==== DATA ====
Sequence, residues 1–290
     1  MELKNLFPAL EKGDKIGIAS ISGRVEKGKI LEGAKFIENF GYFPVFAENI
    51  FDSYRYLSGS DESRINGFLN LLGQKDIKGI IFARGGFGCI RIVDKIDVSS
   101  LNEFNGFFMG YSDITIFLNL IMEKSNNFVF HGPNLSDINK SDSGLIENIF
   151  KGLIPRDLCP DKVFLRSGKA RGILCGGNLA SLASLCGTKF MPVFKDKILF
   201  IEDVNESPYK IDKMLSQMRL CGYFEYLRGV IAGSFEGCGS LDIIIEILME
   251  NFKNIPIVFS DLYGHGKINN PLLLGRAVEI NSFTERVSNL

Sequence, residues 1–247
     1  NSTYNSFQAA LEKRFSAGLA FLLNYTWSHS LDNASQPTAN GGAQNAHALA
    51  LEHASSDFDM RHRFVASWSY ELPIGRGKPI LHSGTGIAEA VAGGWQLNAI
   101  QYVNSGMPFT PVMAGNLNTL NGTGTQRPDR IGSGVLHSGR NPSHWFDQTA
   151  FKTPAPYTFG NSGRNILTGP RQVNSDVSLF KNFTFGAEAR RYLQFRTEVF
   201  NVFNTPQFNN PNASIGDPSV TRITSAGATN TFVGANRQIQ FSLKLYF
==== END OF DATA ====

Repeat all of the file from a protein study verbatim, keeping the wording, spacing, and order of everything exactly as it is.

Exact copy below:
Sequence, residues 1–290
     1  MELKNLFPAL EKGDKIGIAS ISGRVEKGKI LEGAKFIENF GYFPVFAENI
    51  FDSYRYLSGS DESRINGFLN LLGQKDIKGI IFARGGFGCI RIVDKIDVSS
   101  LNEFNGFFMG YSDITIFLNL IMEKSNNFVF HGPNLSDINK SDSGLIENIF
   151  KGLIPRDLCP DKVFLRSGKA RGILCGGNLA SLASLCGTKF MPVFKDKILF
   201  IEDVNESPYK IDKMLSQMRL CGYFEYLRGV IAGSFEGCGS LDIIIEILME
   251  NFKNIPIVFS DLYGHGKINN PLLLGRAVEI NSFTERVSNL

Sequence, residues 1–247
     1  NSTYNSFQAA LEKRFSAGLA FLLNYTWSHS LDNASQPTAN GGAQNAHALA
    51  LEHASSDFDM RHRFVASWSY ELPIGRGKPI LHSGTGIAEA VAGGWQLNAI
   101  QYVNSGMPFT PVMAGNLNTL NGTGTQRPDR IGSGVLHSGR NPSHWFDQTA
   151  FKTPAPYTFG NSGRNILTGP RQVNSDVSLF KNFTFGAEAR RYLQFRTEVF
   201  NVFNTPQFNN PNASIGDPSV TRITSAGATN TFVGANRQIQ FSLKLYF